By Neil Irwin and David Cho
Washington Post Staff Writers
Thursday, May 21, 2009
The financial system, frozen solid for the past nine months, is in a spring thaw. And it's happening even though many of the Obama administration's major rescue programs have yet to get off the ground.
The improvement reflects the combined impact of a wide range of actions, many of them taken with little public attention, according to government officials and private economists. But more important than any single program, the sources say, is a deepening confidence from financial markets that the government is prepared to take aggressive action -- a confidence that Obama officials have repeatedly worked to cultivate in speeches and public appearances.
Since early this month, major banks have raised or said they would raise $56 billion in private capital -- the type of surge that Federal Reserve Chairman Ben S. Bernanke said in March would signal the financial system is recovering. The premium that banks charge to lend to one another, another sign of the system's health, is at its lowest level since the financial crisis began in 2007, based on one key measure.
The Standard & Poor's 500-stock index is up 34 percent since March 9, and a measure of stock market volatility this week hit its lowest level since the financial crisis deepened in September, indicating that investors think the market's wild gyrations will be more subdued.
Stabilization of the broader economy has helped the financial sector right itself. In minutes released yesterday from their April policymaking meeting, Fed leaders said the economy could begin to pull out of the recession later this year.
But they and private economists caution that the unemployment rate is likely to remain elevated through at least 2011, that people could continue to pull back on spending as they save more and borrow less, and that businesses must grapple with a glut of investments from the boom years.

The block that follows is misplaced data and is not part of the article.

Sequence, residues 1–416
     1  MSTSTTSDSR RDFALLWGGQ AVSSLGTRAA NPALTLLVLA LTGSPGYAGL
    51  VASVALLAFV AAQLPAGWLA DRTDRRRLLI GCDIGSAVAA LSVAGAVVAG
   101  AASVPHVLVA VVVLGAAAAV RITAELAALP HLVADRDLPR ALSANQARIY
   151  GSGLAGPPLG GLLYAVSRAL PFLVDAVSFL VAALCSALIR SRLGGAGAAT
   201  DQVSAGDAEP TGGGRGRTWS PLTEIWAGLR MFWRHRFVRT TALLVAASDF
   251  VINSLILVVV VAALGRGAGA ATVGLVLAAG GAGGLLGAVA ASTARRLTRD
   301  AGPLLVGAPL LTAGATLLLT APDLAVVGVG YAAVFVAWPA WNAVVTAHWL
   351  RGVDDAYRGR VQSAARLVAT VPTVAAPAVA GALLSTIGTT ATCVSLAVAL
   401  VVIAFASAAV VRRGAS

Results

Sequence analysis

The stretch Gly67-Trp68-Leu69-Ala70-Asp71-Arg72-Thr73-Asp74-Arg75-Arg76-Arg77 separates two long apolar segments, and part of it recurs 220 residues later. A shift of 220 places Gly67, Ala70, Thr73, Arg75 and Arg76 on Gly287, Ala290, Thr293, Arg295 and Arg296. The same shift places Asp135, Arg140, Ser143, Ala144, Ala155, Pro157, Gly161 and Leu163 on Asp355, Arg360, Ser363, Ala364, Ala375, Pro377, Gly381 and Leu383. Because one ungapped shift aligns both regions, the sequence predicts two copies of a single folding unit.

"The feeling is that for now we've avoided the Great Depression," said Anil Kashyap, an economist at the University of Chicago Booth School of Business. "But the real economy is still in pretty bad shape."
The relative improvement has come despite sluggish progress in some of the more high-profile government efforts to revive the financial system and the economy.
The Fed's $1 trillion program to support consumer and small-business lending has deployed less than one-fiftieth of that amount. An Obama administration plan to buy troubled assets off the books of banks is roughly six weeks from operating, Treasury Secretary Timothy F. Geithner said yesterday in congressional testimony. Aid to small businesses and homeowners facing foreclosure has not yet flowed in large volumes, nor has money from the government's economic stimulus plan, passed in February.
Still, government officials and private economists say, there's a sense that the government is attacking the crisis from all directions.
"They're doing a whole bunch of things in a lot of different markets to provide support," said Desmond Lachman, a resident fellow at the American Enterprise Institute, a Washington think tank. "And markets look forward, and to some degree improve in anticipation of measures that are to come."